ISO(4)                  NetBSD Kernel Interfaces Manual                 ISO(4)

     iso -- ISO protocol family

     #include <sys/types.h>
     #include <netiso/iso.h>

     The ISO protocol family is a collection of protocols that uses the ISO
     address format.  The ISO family provides protocol support for the
     SOCK_SEQPACKET abstraction through the TP protocol (ISO 8073), for the
     SOCK_DGRAM abstraction through the connectionless transport protocol (ISO
     8602), and for the SOCK_RAW abstraction by providing direct access (for
     debugging) to the CLNP (ISO 8473) network layer protocol.

     ISO addresses are based upon ISO 8348/AD2, Addendum to the Network
     Service Definition Covering Network Layer Addressing.

     Sockets bound to the OSI protocol family use the following address struc-

     struct iso_addr {
          u_char    isoa_len;  /* length, not including this byte */
          char      isoa_genaddr[20];  /* general opaque address */

     struct sockaddr_iso {
          u_char          siso_len;      /* size of this sockaddr */
          sa_family_t     siso_family;   /* addressing domain, AF_ISO */
          u_char          siso_plen;     /* presentation selector length */
          u_char          siso_slen;     /* session selector length */
          u_char          siso_tlen;     /* transport selector length */
          struct iso_addr siso_addr; /* network address */
          u_char          siso_pad[6];    /* space for gosip v2 SELs */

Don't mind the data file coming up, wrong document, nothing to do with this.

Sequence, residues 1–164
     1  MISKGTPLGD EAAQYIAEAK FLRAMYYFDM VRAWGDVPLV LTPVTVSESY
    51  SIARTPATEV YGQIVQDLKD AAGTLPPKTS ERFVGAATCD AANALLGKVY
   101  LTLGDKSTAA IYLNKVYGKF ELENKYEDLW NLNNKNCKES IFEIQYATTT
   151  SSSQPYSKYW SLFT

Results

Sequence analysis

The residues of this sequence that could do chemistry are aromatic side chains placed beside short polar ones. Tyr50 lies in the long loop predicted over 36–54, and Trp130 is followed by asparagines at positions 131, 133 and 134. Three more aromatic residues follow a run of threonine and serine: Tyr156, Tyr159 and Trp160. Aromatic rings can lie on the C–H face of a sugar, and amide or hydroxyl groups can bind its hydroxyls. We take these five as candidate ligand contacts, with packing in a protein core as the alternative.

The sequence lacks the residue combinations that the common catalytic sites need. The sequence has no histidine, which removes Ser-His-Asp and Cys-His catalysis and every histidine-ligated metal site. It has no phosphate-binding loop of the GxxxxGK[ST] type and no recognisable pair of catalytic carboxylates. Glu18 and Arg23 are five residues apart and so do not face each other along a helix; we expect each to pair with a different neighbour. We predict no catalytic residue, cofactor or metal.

#define siso_nlen siso_addr.isoa_len
     #define siso_data siso_addr.isoa_genaddr

     The fields of this structure are:

             Length of the entire address structure, in bytes, which may grow
             to be longer than the 32 bytes shown above.

             Identifies the domain: AF_ISO.

             Length of the transport selector.

             Length of the session selector.  This is not currently supported
             by the kernel and is provided as a convenience for user level

             Length of the presentation selector.  This is not currently sup-
             ported by the kernel and is provided as a convenience for user
             level programs.

             The network part of the address, described below.

     An ISO transport address is similar to an Internet address in that it
     contains a network-address portion and a portion that the transport layer
     uses to multiplex its services among clients.  In the Internet domain,
     this portion of the address is called a port.  In the ISO domain, this is
     called a transport selector (also known at one time as a transport
     suffix).  While ports are always 16 bits, transport selectors may be of
     (almost) arbitrary size.

     Since the C language does not provide convenient variable length struc-
     tures, we have separated the selector lengths from the data themselves.
     The network address and various selectors are stored contiguously, with
     the network address first, then the transport selector, and so on.  Thus,
     if you had a network address of less than 20 bytes, the transport selec-
     tor would encroach on space normally reserved for the network address.

     ISO network addresses are limited to 20 bytes in length.  ISO network
     addresses can take any format.

     The ARGO 1.0 implementation of the ISO protocol family comprises the Con-
     nectionless-Mode Network Protocol (CLNP), and the Transport Protocol
     (TP), classes 4 and 0, and X.25.  TP is used to support the
     SOCK_SEQPACKET abstraction.  A raw interface to CLNP is available by cre-
     ating an ISO socket of type SOCK_RAW.  This is used for CLNP debugging

     clnp(4), cltp(4), tp(4)

NetBSD 5.0.1                   November 30, 1993                  NetBSD 5.0.1

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